Majority of Texans Now Support Legalizing Pot for Adult Use

Support among Texans shifted in favor of adult-use cannabis legalization.
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A statewide poll in Texas revealed that six out of 10 adults support legalizing cannabis in the state—the first time the poll has shown a solid majority. The issue of cannabis is gaining increasing bipartisan support, gaining support from states that typically vote blue or red.

According to results from the 18th annual Texas Lyceum Poll, 60% of adult Texans say they support adult-use cannabis—representing a 14% jump from the last time the survey asked about marijuana in 2015.

“Overall, 60% of Texas adults say that they support legalizing the use of marijuana in Texas, a 14 point increase since the question was last asked in 2015, when a majority of voters (50%) expressed opposition. Asked about expanding legal casino gambling in Texas, 57% of Texans said they would be supportive of expanded casino gambling, while 28% said they would be opposed.”

The Dallas Morning News reports that only older adults, Republicans, and self-identified conservatives were divided on support for adult-use cannabis. Among Texans over the age of 65 and Republicans, 49% said they support legalization, and among those who identified as conservative, 46% were in support, and 31% of those polled said they oppose cannabis legislation.

The questions weren’t always clear as to why people oppose legalizing cannabis. For instance, some simply want to decriminalize it instead: Among those who oppose legalization, 42% said that they would support decriminalizing possession of small amounts to a citation and fine. The poll also asked about numerous other topics such as politics, religion, housing, and space exploration. Gambling is also gaining support in Texas, according to the Texas Lyceum Poll.

In November of this year, the Texas Lyceum will hold a conference on South Padre Island entitled, “Win, Lose or Draw: The Future of Marijuana and Gambling in the Lone Star State.”

The state’s unique politics come into play when it comes to cannabis. Texans have voted Republican in every general election since 1976.  Some analysts believe that having a Bush on the ticket in every election from 1980 through 2004 (except 1996) helped cement Texas as a “reliably red state.” In 2020 however, that lead waned, and Donald Trump won the state by 6.5% over Joe Biden, the narrowest margin since 1996. But the demographics in Texas are changing quickly.

Patients who are eligible can access low-level THC cannabis under the state’s compassionate use program, established in 2015. But it only allows certain physicians to prescribe low-THC products to patients with seizure disorders, multiple sclerosis, and other conditions. The Texas Legislature expanded the program’s eligibility to include patients with all forms of PTSD and cancer in 2021.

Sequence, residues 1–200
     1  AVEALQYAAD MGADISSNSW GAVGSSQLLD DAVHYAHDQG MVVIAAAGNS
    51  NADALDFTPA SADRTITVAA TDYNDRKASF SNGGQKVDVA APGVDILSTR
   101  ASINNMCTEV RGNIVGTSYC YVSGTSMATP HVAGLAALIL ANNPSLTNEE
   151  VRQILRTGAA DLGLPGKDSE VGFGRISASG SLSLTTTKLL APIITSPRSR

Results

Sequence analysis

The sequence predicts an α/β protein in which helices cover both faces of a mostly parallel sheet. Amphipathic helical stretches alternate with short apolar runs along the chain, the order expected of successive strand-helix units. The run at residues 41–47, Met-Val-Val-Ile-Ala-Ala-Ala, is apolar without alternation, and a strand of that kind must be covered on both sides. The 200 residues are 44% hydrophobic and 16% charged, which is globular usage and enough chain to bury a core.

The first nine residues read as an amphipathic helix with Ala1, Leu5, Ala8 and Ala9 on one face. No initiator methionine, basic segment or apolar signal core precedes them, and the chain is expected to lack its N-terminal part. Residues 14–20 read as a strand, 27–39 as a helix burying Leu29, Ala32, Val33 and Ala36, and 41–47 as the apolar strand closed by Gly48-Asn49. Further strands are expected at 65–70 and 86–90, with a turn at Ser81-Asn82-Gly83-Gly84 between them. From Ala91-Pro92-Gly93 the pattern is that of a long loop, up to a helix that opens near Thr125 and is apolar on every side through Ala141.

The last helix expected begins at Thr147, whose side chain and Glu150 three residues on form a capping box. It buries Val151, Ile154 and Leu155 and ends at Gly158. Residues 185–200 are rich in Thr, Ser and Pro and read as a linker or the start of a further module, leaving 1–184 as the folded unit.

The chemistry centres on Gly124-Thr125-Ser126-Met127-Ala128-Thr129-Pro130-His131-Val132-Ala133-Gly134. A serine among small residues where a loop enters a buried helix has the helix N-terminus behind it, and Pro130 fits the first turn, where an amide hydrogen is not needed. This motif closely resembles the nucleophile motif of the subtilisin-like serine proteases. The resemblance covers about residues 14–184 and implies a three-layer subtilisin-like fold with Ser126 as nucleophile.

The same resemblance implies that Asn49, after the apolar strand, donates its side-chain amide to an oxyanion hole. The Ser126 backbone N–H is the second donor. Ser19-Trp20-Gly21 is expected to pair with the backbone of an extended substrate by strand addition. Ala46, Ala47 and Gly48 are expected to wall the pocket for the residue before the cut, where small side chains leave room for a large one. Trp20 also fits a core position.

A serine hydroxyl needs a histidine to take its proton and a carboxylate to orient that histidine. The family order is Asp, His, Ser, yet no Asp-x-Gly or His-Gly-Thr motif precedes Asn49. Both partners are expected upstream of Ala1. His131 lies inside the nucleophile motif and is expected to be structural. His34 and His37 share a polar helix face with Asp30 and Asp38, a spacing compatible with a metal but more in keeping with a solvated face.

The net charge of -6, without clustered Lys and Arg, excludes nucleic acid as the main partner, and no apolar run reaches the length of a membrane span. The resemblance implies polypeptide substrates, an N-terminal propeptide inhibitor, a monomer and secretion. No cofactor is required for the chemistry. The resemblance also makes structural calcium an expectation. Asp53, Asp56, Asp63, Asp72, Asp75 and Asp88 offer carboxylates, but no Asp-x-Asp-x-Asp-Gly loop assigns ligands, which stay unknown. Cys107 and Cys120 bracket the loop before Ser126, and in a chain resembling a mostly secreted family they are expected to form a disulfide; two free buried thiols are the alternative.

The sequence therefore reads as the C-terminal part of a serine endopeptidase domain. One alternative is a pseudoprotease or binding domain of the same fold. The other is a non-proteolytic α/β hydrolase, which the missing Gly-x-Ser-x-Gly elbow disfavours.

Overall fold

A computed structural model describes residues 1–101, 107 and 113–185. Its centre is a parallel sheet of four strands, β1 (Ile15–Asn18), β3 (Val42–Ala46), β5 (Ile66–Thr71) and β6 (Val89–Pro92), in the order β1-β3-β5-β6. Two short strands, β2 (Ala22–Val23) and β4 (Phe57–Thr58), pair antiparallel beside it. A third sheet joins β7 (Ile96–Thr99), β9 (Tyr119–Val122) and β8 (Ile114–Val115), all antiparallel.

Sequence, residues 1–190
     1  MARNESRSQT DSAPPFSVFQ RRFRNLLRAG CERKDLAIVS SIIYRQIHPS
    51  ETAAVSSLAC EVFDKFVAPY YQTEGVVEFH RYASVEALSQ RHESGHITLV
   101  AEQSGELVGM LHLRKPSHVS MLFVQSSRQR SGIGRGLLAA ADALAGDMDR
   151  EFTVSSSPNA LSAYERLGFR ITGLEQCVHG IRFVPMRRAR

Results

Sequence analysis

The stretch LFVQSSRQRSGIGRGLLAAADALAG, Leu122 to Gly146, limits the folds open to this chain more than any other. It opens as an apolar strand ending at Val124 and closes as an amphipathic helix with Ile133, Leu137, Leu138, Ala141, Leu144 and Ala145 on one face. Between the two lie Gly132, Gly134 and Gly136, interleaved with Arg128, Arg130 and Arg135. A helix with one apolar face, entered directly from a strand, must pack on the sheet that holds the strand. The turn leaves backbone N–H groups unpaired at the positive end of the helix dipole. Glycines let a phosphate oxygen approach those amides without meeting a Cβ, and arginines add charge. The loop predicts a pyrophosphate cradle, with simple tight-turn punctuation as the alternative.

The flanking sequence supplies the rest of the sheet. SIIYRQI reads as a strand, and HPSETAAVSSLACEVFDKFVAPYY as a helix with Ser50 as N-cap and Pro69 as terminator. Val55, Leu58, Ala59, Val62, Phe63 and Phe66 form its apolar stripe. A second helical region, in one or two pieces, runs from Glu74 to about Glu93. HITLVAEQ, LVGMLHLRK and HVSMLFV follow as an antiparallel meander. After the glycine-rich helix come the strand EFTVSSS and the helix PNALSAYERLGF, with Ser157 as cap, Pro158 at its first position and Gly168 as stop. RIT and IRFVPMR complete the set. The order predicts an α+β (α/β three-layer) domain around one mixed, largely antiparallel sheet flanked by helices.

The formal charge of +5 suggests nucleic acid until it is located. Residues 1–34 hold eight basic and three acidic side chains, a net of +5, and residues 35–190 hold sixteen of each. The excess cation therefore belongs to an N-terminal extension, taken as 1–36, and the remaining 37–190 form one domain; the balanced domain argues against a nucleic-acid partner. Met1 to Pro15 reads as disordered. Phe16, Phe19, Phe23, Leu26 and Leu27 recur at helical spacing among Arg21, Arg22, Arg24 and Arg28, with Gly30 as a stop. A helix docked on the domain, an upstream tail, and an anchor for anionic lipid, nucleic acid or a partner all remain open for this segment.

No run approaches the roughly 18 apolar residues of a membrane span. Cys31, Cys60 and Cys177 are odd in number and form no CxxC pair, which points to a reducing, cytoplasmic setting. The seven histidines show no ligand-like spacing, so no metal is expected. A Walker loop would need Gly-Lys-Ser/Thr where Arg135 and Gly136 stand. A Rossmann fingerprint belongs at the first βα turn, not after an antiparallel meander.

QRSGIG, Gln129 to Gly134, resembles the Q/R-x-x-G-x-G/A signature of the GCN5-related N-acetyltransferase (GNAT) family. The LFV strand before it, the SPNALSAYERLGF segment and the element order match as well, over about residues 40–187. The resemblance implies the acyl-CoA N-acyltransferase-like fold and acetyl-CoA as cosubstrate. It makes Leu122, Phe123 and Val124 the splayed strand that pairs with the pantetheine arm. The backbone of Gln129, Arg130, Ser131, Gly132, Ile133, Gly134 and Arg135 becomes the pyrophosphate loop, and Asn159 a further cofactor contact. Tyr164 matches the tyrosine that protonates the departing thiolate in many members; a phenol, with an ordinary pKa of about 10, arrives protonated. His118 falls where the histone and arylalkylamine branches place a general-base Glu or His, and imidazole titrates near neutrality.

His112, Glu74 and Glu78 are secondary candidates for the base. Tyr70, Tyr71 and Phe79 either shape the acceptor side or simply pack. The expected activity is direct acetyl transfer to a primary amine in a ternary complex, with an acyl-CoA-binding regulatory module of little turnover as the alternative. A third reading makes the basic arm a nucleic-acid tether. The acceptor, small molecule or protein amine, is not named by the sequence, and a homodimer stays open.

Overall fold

Texas Cities Decriminalize

Decriminalization attempts at the city level have faced opposition from state leaders.

Last February, Texas Attorney General Ken Paxton filed lawsuits against five cities that have passed cannabis decriminalization measures. The lawsuit was filed against the cities of Austin, San Marcos, Killeen, Elgin, and Denton “for adopting amnesty and non-prosecution policies that violate Texas laws concerning marijuana possession and distribution,” according to the attorney general’s office.

In 2022, the five cities enacted ordinances or civic policies that bar police officers from enforcing state laws prohibiting the possession or distribution of cannabis. 

After filing the lawsuits, Paxton said that such policies are prohibited by the Texas Local Government Code, which bars municipal and county governments from adopting “a policy under which the entity will not fully enforce laws relating to drugs.”

“I will not stand idly by as cities run by pro-crime extremists deliberately violate Texas law and promote the use of illicit drugs that harm our communities,” Paxton said in a statement on Wednesday. “This unconstitutional action by municipalities demonstrates why Texas must have a law to ‘follow the law.’ It’s quite simple: the legislature passes every law after a full debate on the issues, and we don’t allow cities the ability to create anarchy by picking and choosing the laws they enforce.”

In 2022, Denton voters approved an ordinance to decriminalize cannabis, with 71% of voters in favor, but some officers and the mayor of Denton ignored the law anyways. High Times also reported on Texas cops who essentially ignored hemp laws in Texas and the 2018 Farm Bill and raided hemp sellers anyways.

Currently, possession of up to two ounces of cannabis in most areas of Texas is a Class B misdemeanor and punishable by up to 180 days in jail and a fine of up to $2,000. Possession of over two ounces can result in up to a year in jail, and more than four ounces is a felony crime, with a mandatory minimum sentence of two years.

Any amount of cannabis concentrate is considered a felony in Texas punishable with a minimum $10,000 fine and 180 days in jails. In addition, paraphernalia is also illegal and can result in a $500 fine.

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